Actor to return stolen dinosaur skull to MongoliaNEW YORK - Nicolas Cage has agreed to give back a national treasure from Mongolia.
A publicist for the star of the “National Treasure’’ adventure films confirmed Tuesday that Cage was the unwitting buyer of a dinosaur skull that federal prosecutors in New York say was stolen. Prosecutors announced last week that they were seeking court approval to take custody of the 32-inch fossil so it could be returned to the Asian nation, but they did not name the buyer.
Cage purchased the skull at auction from Los Angeles-based I.M. Chait gallery and auction house and received a certificate of authenticity, publicist Alex Schack said in an email. After being notified last year that authorities suspected the item was stolen, the actor “fully cooperated with the investigation, including arranging an inspection of the fossil by agents,’’ and later agreed to forfeit it, Schack said.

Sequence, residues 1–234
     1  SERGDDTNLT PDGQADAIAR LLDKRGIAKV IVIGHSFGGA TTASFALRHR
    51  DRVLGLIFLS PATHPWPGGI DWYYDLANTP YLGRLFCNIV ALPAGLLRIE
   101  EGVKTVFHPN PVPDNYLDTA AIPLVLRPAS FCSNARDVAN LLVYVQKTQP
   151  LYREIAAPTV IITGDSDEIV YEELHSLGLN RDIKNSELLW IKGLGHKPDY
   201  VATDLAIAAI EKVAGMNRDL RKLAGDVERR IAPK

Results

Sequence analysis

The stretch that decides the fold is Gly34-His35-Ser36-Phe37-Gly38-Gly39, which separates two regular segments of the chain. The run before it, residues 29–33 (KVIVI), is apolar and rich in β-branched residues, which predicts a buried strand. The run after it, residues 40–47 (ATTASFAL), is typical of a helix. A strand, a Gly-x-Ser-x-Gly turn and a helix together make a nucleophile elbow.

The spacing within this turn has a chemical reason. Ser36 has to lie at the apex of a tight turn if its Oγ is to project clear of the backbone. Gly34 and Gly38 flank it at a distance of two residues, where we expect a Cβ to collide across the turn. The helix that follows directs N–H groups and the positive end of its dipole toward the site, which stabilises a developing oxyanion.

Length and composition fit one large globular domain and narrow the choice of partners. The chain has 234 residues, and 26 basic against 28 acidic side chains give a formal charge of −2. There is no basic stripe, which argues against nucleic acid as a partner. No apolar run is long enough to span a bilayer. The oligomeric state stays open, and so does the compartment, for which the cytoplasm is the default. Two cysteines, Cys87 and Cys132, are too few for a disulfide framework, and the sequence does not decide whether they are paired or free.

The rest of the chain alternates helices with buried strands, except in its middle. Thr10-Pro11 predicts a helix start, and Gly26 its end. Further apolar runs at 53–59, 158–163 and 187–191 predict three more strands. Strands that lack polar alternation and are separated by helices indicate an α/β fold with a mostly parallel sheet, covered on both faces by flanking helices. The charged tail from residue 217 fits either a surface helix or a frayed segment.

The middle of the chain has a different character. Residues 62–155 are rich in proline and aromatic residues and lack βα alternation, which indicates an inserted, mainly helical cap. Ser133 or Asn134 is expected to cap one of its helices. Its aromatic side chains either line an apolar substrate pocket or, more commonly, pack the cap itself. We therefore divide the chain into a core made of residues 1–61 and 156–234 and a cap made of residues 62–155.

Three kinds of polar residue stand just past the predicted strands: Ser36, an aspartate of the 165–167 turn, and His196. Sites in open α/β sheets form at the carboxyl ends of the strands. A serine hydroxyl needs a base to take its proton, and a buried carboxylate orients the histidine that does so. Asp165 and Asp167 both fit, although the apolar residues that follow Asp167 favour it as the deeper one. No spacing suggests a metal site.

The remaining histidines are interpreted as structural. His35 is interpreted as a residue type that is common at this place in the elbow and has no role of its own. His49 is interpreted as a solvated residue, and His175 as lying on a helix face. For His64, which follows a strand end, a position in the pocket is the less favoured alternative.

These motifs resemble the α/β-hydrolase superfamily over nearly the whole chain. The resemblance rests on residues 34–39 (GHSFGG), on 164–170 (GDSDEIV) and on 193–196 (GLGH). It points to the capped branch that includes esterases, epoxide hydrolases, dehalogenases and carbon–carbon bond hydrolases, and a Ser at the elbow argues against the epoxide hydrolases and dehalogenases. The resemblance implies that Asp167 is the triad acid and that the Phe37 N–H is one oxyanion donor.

According to court papers, investigators believe the skull was looted from the Gobi Desert in Mongolia and shipped through Japan to Gainesville, Florida, in June 2006 bearing a false customs label.
The piece was auctioned in Manhattan on March 25, 2007, selling for $230,000 plus a commission that raised the total paid by the then-anonymous buyer to $276,000, the papers said. It had been marketed as an “extremely rare’’ Tyrannosaurus skull from the late Cretaceous period, which ended about 65 million years ago.
“The battery of huge, knife-like, serrated teeth are quite impressive and are in excellent condition,’’ court papers quoted the auction catalog as saying of a skull that was 65 percent complete. “Overall, this remarkable specimen is scientifically accurate and important.’’
It was unclear whether the skull has ties to Eric Prokopi, a former fossils dealer who pleaded guilty to charges he smuggled multiple shipments of dinosaur bones between 2010 and 2012 that had been stolen from the Gobi Desert. Court papers say Prokopi had sold stolen fossils to I.M. Chait, which has not been accused of any wrongdoing.
Since 2012, prosecutors have used civil and criminal actions to return to Mongolia of several dinosaur fossils that include multiple Tyrannosaurus and other skeletons, dinosaur eggs and small prehistoric lizards and turtles. AP